This week’s Word Press writing challenge, with its musical theme, has set off a whole host of notions. In fact this may just be the post where all the strands of my ‘writer on the edge’ blog come together. This, though, is only a proposition and by no means a promise. One thing I can promise: there is some very fine music at the end. And for those of you who do not know the English composers Ralph Vaughan Williams (1872-1958) and George Butterworth (1885-1916), then please consider this an early solstice gift. And if by chance you do not care for it, or indeed anyway, by all means pass it on.
So to return to the notions. Those of you who have read my past posts will probably know that I live on the edge of Wenlock Edge, a twenty-mile limestone scarp that bisects the county of Shropshire from the River Severn above the Ironbridge Gorge, to Craven Arms on the borderland with Wales. Aeons ago this now wooded, much quarried ridge was once a shallow tropical sea lying somewhere off East Africa. Today, and especially now through bare wintery trees, you can look out from its summit and scan a great panorama – the farm fields, villages and hills of Shropshire.
Looking up to Wenlock Edge. Photo: Eaton Manor
As I’ve said in other posts, there is a lot of history in this place – over 400 million years’ worth. Too much to embrace. But in the recent past (geologically speaking), you might have looked out from the easterly end of the Edge onto the smog-laden valley of Coalbrookdale as the Quaker ironmasters stoked their blast furnaces and helped fuel an industrial revolution. Travel back a further 1500 years and to the north you would have gazed on the impressive public buildings and sprawling settlement of the Roman city of Viroconium. Or in earlier times still you might have witnessed the building of the great Iron Age hill forts on the Wrekin and in Mogg Forest, or perhaps glimpsed some Bronze Age smiths plying the ancient ridge-top trackway en route for Wales.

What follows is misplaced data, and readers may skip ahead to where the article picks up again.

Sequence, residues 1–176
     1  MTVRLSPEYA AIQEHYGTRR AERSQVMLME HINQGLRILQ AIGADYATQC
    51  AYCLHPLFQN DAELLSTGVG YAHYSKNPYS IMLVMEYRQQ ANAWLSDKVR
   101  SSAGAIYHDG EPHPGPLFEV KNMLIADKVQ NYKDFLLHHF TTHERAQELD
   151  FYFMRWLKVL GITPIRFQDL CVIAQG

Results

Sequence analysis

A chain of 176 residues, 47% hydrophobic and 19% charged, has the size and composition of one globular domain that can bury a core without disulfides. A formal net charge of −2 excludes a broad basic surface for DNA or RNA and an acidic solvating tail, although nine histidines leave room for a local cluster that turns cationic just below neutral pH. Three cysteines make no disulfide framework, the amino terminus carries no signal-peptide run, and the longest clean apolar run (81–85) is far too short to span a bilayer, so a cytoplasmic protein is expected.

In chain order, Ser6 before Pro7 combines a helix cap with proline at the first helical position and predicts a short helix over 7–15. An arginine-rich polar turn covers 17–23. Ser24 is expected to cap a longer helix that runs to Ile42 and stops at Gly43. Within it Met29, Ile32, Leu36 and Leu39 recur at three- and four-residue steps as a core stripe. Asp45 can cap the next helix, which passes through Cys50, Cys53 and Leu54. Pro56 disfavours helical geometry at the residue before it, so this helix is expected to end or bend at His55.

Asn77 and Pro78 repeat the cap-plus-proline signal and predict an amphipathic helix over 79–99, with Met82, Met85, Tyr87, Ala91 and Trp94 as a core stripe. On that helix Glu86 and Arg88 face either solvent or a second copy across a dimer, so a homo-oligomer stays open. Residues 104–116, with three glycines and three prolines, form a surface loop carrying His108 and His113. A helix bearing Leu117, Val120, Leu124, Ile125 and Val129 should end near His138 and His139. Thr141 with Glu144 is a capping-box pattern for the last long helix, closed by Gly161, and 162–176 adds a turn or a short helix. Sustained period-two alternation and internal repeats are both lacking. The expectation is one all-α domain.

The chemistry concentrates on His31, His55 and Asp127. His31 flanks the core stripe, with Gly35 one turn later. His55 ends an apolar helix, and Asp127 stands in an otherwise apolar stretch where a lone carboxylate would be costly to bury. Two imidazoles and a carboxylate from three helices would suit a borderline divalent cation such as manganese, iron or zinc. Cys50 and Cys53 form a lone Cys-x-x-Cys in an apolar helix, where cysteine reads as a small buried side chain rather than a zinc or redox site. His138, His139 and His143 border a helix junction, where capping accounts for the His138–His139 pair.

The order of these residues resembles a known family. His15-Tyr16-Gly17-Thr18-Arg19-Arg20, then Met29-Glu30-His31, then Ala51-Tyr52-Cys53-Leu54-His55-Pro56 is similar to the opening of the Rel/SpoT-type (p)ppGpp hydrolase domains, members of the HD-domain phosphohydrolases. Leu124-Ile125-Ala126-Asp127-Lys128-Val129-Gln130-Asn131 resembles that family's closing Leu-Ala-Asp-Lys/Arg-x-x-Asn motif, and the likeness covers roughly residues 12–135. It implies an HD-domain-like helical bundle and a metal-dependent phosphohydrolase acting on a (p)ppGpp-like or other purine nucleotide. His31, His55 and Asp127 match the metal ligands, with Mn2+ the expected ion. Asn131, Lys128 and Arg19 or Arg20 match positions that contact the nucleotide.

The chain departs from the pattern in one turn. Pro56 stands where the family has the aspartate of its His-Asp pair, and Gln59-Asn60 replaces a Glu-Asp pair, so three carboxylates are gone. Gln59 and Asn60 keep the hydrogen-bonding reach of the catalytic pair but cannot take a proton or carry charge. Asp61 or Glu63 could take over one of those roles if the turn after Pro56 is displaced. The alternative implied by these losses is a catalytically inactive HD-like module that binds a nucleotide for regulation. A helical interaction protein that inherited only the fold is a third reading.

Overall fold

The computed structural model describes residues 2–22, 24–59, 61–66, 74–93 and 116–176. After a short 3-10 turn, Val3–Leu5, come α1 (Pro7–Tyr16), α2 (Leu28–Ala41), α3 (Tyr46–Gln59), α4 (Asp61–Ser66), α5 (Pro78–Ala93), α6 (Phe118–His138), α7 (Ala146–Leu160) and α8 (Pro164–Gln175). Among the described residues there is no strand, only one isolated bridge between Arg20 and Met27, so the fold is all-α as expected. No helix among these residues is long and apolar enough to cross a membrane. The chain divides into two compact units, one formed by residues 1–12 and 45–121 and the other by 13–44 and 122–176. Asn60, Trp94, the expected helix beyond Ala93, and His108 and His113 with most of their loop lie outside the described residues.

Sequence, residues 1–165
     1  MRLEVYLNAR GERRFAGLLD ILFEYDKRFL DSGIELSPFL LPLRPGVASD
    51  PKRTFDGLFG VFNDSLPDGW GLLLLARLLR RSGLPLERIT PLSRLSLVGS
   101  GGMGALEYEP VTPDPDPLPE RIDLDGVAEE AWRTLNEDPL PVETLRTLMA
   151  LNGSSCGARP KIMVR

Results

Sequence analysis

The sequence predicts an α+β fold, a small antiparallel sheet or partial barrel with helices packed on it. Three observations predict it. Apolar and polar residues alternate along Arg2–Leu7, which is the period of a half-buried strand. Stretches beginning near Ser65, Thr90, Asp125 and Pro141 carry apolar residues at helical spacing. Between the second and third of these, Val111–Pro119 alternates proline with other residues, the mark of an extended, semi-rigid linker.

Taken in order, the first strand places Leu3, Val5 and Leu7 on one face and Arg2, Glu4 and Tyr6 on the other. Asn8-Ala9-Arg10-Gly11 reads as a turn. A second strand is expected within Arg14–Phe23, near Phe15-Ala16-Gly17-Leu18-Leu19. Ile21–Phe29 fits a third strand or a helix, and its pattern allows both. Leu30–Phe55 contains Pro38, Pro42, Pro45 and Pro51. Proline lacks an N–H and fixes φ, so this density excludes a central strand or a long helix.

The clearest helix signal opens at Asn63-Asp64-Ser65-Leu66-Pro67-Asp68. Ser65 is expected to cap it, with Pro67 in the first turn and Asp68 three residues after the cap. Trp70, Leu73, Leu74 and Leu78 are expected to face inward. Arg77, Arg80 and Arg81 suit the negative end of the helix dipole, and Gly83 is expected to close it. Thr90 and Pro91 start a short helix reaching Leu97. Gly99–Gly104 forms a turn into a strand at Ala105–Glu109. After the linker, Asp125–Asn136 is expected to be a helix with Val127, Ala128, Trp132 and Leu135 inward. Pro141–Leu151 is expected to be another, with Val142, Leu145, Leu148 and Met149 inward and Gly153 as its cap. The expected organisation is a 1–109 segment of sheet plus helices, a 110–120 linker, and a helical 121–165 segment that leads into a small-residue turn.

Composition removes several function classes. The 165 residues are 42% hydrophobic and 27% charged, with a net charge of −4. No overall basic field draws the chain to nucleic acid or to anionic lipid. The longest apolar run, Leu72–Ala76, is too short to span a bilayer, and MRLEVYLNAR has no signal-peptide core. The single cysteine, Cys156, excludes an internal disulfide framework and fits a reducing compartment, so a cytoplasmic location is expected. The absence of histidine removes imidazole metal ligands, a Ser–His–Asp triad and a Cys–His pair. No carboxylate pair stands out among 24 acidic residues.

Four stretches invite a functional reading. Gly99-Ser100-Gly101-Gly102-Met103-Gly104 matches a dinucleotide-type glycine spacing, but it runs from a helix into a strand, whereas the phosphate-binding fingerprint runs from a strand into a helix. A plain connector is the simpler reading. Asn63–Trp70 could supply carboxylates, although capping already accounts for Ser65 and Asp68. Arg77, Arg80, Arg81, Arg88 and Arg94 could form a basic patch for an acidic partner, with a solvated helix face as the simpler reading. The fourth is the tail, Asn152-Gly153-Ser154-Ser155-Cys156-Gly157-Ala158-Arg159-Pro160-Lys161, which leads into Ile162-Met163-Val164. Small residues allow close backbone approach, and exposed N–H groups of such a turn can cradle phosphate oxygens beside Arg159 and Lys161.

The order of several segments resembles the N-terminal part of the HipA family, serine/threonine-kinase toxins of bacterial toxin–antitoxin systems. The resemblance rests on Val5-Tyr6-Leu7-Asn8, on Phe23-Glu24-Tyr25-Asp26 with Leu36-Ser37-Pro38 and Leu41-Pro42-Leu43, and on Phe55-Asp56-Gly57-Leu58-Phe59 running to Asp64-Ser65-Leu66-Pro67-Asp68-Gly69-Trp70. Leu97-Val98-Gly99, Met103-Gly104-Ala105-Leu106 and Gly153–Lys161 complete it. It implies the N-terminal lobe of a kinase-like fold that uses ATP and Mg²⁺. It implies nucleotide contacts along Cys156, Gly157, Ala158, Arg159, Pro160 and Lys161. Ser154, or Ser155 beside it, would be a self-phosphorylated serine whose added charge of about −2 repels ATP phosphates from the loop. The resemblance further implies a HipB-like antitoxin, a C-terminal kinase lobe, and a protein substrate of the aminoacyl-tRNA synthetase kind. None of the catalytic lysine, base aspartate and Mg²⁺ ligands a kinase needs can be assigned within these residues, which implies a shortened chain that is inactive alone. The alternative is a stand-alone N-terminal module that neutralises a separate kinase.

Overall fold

The Edge, then, is full of spirits, and it is not surprising that it has long inspired artists, writers and composers. And so we come to the music, or rather, we come first to the work that inspired the music – A E Housman’s A Shropshire Lad. This collection of sixty three poems has been described as a gift for composers. The poems are written in the style of traditional ballads. And if at first they seem too obvious in their rhyme and rhythm, then look again. These are songs of loss and fleetingness – lost youth, lost love, the soldier’s death. That they are set against some scene of suggested rural perfection only heightens their poignancy. The work, too, somehow anticipated the bleak waste of the Great War, and so it was that, when the time came, A Shropshire Lad went with many a soldier into the trenches.
Housman’s sense of melancholy and loss stem from his own life: his mother died when he was twelve, his brother Herbert was killed serving in the Boer War, and his deep love for another man was unrequited. Nor did his work A Shropshire Lad have a very good start. Although it has remained in print since publication in 1896, in the beginning Housman could not find a publisher and had to pay to have the first five hundred copies printed. At first, too, there was a lukewarm reception. But within a few years, and much to the writer’s surprise, its popularity suddenly grew. This in part was due to the fact that several composers seized on some of the poems and set them to music.